For Paris apartments, the seller is required to provide the buyer with the last 3 years of co-ownership meeting minutes and the building regulations, as well as inspection reports on the electricity and gas installations, the presence of asbestos or lead, and the energy efficiency of the property. There is no requirement to repair, just to disclose. Additional inspection reports are not the norm in France, and while defects may become a point of negotiation they are rarely volunteered by the seller or stipulated by the buyer as a condition for the sale to go through.

Take the time necessary to review all the documents and order all the inspections necessary to feel comfortable with the purchase decision. At the same time, appreciate the historical differences and be ready to accept some “defects” – there is no “perfect condition” when homes are 100+ years old.


7. Examine comparable properties.

Understanding the value of the property and of the market is key to making an appropriate offer. In France, only limited information is available publicly about the value of properties sold based on the size, year of construction and location. Determining comparable value with only this data is exceedingly difficult, as there is no information on recent renovations, layout, historic or other features that play an important role in determining market price.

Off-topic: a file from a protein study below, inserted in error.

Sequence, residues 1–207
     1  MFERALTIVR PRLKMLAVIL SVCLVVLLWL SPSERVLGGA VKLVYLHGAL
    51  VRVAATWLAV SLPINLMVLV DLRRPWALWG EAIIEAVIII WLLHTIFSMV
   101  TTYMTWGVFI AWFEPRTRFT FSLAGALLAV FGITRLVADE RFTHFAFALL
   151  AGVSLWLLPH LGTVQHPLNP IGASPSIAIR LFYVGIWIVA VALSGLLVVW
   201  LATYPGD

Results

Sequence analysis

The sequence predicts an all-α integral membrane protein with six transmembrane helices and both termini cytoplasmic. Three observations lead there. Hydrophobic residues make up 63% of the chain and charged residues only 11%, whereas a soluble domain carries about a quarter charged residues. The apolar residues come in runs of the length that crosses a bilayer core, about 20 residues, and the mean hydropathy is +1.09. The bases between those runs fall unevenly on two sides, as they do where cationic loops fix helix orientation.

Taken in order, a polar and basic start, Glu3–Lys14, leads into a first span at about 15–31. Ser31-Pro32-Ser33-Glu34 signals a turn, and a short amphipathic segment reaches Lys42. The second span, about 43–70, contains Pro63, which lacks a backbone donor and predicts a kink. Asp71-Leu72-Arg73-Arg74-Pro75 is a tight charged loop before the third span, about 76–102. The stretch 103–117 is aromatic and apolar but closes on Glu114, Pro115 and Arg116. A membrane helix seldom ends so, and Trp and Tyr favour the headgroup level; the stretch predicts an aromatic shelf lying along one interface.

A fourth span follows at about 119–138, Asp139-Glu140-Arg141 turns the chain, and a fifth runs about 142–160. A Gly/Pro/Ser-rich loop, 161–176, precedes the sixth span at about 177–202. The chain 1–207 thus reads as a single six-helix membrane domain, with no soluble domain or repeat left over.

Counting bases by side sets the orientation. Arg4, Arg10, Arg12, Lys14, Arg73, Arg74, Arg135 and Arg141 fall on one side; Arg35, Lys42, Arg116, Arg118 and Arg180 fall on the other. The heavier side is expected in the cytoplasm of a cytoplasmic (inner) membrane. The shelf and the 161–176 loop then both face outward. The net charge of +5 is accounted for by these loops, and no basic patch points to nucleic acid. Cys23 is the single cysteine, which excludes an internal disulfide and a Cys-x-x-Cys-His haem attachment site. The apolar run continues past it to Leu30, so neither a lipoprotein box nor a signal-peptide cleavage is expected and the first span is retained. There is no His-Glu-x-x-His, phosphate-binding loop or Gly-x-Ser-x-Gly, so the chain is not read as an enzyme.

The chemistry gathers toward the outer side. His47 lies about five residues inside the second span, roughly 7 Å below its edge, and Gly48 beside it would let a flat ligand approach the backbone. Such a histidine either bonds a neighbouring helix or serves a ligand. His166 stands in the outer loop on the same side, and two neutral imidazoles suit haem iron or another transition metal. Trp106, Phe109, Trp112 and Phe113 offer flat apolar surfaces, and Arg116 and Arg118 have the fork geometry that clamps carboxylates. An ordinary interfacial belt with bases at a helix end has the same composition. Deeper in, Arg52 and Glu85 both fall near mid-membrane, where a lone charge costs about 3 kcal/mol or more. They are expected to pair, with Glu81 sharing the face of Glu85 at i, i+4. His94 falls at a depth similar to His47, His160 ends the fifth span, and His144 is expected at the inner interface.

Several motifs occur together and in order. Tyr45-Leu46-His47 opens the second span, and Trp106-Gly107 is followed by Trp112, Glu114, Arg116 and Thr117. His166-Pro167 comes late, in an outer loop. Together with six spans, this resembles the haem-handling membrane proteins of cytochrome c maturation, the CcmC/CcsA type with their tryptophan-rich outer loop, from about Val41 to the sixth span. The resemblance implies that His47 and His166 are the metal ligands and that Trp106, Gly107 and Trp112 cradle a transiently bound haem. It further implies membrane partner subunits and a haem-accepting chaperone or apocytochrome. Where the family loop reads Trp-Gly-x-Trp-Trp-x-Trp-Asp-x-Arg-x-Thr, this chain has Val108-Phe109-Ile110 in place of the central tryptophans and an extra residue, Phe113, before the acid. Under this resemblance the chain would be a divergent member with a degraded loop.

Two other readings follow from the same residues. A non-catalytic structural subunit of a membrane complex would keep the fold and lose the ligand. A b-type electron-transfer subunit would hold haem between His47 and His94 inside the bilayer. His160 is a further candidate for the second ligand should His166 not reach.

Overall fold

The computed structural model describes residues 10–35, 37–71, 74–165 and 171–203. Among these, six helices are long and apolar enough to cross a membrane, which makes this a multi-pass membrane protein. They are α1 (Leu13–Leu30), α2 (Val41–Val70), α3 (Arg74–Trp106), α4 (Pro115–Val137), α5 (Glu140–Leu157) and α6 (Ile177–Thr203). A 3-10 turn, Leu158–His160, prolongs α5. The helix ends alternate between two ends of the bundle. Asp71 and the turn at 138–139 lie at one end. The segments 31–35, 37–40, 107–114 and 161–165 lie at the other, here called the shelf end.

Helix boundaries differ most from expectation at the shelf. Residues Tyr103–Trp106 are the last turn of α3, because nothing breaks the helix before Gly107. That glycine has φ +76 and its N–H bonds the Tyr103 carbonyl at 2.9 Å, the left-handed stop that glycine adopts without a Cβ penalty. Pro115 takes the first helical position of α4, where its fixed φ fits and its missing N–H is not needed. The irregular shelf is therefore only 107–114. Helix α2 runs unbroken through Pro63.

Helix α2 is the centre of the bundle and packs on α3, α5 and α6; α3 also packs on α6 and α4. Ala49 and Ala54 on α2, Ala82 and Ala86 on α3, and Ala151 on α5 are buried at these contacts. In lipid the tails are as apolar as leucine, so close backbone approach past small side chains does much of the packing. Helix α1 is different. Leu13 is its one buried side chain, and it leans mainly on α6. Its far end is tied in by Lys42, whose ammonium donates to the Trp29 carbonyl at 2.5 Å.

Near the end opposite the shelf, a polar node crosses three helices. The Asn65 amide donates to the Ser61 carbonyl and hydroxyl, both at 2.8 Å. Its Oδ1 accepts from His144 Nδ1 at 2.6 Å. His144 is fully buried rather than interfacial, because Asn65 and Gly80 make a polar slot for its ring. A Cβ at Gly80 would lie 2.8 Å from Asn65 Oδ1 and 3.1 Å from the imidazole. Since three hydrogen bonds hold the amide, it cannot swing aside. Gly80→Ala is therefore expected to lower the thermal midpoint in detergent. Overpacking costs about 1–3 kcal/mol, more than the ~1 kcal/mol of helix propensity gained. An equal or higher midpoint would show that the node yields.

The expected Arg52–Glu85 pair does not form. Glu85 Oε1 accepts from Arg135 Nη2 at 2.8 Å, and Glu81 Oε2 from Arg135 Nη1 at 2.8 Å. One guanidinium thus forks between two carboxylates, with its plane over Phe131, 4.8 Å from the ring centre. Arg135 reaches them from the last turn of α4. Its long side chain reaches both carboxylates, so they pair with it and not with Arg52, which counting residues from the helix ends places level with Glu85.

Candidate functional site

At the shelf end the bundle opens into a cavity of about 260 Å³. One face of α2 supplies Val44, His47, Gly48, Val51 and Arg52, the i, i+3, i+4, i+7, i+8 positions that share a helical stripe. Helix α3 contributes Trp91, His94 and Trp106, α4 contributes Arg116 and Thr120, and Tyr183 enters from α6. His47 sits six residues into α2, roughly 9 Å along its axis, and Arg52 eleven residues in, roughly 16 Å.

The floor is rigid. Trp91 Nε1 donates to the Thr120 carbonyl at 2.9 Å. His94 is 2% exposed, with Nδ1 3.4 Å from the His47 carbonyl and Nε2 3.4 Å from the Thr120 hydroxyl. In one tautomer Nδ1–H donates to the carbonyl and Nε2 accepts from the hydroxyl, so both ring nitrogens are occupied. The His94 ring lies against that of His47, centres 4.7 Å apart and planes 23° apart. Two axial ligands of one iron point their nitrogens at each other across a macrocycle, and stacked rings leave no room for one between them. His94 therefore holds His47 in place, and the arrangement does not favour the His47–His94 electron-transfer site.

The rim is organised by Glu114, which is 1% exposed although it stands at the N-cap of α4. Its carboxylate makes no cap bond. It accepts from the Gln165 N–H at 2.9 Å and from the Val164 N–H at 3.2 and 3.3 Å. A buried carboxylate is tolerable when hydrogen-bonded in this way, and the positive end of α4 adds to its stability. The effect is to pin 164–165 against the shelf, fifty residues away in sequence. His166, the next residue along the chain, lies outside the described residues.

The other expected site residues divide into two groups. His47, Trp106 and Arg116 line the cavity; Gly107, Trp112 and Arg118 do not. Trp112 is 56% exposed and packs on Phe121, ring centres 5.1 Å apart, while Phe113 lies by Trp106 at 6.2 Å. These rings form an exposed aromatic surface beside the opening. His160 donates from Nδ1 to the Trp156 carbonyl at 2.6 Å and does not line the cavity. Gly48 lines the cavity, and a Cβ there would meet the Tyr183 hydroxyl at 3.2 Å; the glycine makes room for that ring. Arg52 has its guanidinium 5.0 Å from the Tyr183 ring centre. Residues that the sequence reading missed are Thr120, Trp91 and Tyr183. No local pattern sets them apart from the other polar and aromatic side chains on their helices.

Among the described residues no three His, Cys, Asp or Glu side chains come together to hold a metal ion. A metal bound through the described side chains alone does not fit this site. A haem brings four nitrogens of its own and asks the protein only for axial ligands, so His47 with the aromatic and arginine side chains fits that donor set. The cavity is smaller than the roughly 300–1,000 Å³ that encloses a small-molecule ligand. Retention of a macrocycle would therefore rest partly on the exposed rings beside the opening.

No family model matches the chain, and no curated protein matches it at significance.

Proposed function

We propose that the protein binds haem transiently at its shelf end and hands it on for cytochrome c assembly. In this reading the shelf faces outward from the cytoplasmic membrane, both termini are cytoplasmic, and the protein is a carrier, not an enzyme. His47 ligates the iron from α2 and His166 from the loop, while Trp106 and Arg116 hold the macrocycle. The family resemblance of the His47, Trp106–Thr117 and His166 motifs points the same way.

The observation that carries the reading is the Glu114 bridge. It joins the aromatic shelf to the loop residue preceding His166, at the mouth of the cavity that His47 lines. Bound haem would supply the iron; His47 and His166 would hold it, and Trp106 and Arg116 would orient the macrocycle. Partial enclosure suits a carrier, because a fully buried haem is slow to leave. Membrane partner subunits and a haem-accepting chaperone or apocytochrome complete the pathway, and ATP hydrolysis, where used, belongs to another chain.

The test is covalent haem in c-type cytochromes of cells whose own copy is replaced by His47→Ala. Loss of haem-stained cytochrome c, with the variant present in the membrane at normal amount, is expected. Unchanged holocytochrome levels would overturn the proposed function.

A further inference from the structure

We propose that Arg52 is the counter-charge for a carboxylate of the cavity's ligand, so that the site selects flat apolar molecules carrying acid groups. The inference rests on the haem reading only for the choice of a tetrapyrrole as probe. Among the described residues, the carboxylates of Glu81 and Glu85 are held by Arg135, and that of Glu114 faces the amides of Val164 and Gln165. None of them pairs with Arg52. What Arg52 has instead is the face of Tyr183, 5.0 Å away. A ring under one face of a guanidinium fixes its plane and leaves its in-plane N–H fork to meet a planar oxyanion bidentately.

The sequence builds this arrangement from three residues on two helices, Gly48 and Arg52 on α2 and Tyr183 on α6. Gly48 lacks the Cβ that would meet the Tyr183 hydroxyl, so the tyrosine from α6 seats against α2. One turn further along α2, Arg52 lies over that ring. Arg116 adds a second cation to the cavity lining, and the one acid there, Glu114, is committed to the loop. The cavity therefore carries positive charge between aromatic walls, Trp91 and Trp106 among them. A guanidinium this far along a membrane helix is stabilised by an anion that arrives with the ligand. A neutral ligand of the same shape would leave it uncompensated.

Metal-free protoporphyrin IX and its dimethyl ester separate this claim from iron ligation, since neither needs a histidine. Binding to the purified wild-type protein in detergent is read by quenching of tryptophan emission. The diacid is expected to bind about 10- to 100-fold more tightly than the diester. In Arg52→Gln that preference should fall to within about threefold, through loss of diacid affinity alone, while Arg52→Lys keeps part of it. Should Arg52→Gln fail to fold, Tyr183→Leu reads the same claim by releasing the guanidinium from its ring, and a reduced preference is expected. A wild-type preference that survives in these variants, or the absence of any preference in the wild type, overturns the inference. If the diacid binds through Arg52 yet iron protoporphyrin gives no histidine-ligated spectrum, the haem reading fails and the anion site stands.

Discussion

For this reason, it can be valuable to view and assess a number of comparable properties to better understand the value of the property under consideration.  Understandably, the seller’s agent will be reticent to arrange other showings, and to advocate exclusively on behalf of the buyer to get them all the information they need to make an informed decision. This is another area where having a buyer’s agent can add value.


8. Structure an attractive offer.

Luxury property owners take a lot of pride in their properties, whether they are old family estates or newly renovated by the current owner. If you are able to meet the seller and show your appreciation for the value of the property, they often recognize that shared connection and want you to “win” the property over other potential buyers.

Making the appropriate offer is not easy. In some cases, sellers aren’t highly motivated to sell and have the financial wherewithal to wait for the right price. Culturally, the French don’t like to haggle over price and set their asking prices at what they view as “reasonable”; a lowball offer can backfire and result in a seller who is unwilling to sell to you at any price. Even substantial price negotiation must be subtle, and allowing the owner to save face is the key to success.

Cash buyers should avoid misjudging their negotiating power by coming in with an insultingly low offer. The seller may decide to go with a competing buyer, even if their offer is financed, if they make a substantial down payment and reveal enough information to show they are serious and have solid financials.